In the last interview Dr Liz Thach commented on a…
Photography is an interesting game to be in. It’s not always the best photograph that’s the most important.
For many years Brian Croser commissioned me to shoot a simple vintage group at Petaluma. I shot some significant landscapes, but in a funny way I’m sure these yearly group shots were just as important to the Petaluma story as all the great vineyard shots.
Brian Walsh saw these group photographs all lined up in the Petaluma lab one day and asked me if I could do one of the Yalumba group, next time I was there. I’ve done a few since then, but the first one is my favourite.
Brian was chief winemaker at Yalumba for many years. He is now an independent wine consultant and chairs Riverland Wine as well as the Wine Australia board with Brian Croser and others.
Here’s his story.
What was your early life like ?
I couldn’t say our family were wine drinkers even though they owned the Aldinga Pub. They used to drink a bit of sherry but they were mostly beer drinkers.
It was a typical country pub with a wide verandah, serving mainly the local farming community and holiday-makers.
Dad’s parents owned the pub, so he grew up there. His father died when he was about eight so his mum leased the hotel out and moved the kids into the city.
Mum and Dad decided to move back into the Pub in 1947 and gradually bought the other siblings’ shares. They raised us six kids there.
It was a good life – a fun life.
That was the days of six o’clock closing and we didn’t trade on Sundays – so it was busy when it was busy and you went flat chat.
We all had jobs to do. I was running the bottle department, which was basically just a hole in the wall, from the age of 12. I was reflecting on that recently – all the shelves were full of Orlando Yellow Label sherry, Invalid port and McWilliams wine cocktails – it was all fortifieds.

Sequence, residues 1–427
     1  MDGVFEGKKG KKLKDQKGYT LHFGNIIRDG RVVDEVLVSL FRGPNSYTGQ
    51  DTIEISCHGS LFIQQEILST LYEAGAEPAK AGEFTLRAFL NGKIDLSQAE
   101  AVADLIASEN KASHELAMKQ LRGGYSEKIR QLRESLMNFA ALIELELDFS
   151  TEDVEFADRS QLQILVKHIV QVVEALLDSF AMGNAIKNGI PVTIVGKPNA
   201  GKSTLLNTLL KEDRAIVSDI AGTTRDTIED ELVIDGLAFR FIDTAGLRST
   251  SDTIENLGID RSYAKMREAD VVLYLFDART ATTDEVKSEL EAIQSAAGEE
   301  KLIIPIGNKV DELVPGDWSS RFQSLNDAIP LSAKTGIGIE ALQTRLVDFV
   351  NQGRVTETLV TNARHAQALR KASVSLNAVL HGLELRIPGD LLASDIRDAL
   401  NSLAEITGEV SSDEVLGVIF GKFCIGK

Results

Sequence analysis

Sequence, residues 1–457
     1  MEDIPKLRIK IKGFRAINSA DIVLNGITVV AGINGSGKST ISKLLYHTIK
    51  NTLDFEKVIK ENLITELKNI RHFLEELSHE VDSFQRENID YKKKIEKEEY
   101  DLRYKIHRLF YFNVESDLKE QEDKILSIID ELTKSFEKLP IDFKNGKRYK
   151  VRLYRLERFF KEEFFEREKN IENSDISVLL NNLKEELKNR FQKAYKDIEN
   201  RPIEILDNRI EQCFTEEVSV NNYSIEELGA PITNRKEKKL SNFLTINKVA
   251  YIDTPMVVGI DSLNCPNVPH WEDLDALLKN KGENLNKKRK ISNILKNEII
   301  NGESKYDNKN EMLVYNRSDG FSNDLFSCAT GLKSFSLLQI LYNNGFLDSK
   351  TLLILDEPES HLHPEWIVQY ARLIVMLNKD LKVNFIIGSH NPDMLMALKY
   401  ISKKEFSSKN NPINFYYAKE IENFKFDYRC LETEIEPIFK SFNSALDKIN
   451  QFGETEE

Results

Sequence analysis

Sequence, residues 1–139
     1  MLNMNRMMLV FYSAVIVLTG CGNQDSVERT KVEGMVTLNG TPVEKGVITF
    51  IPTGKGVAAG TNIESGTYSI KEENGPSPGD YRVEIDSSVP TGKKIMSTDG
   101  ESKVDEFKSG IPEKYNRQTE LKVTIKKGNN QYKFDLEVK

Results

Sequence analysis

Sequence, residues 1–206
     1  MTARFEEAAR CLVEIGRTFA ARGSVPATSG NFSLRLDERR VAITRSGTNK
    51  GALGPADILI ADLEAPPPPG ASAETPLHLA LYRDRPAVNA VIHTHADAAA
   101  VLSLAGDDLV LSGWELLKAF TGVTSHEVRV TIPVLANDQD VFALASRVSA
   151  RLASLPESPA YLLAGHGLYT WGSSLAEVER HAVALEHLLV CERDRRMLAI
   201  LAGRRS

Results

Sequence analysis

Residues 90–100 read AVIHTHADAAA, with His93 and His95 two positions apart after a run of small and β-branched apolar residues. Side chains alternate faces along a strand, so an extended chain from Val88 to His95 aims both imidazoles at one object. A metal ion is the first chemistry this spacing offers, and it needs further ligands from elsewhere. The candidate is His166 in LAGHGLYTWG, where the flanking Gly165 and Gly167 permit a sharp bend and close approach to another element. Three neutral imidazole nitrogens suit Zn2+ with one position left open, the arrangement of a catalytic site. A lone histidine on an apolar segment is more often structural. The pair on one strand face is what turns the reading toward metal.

All the table wine – Moyston Claret, Reynella ‘Premier Cru’ or ‘Bin 2′, Quelltaler, Hock etc were stored “out the back” and available on request.
These were mostly for some of the Port Willunga crowd that used to come there for holidays – they were more likely to be drinking table wine.
Working in the pub was a fun thing for us – we sort of graduated there – when you were youngish you could count the till – sit at the bar, pile up all the coins and do the tallying and as you got a bit more strength you would be able to sweep the floors and do the mopping – and then glass washing when you were competent.
Dad was a bit of a handyman and built a beer garden on the side and decorated it with old rainbow painted wooden beer kegs.
My sister has been back in recently to reminisce. I haven’t done that – I’m somewhat saddened that it is a shadow of its former self.
How did you get into the wine industry ?
I entered wine by chance.
I was accepted at Uni to study Physiotherapy, but my mother was quite keen for me to get a job. While it was never mentioned directly, I’ve recently thought that Mum may have thought I was a bit young to head off to the big smoke.
I was still 16 when I matriculated, and while I was out surfing and mucking around – mum used to put little rings around ads in the paper.
I went for one at Walter Reynell & Sons as a Lab assistant. I got it – it was a temporary job – while the incumbent lab assistant, a bloke called Ian White, was heading off to Roseworthy College to study oenology.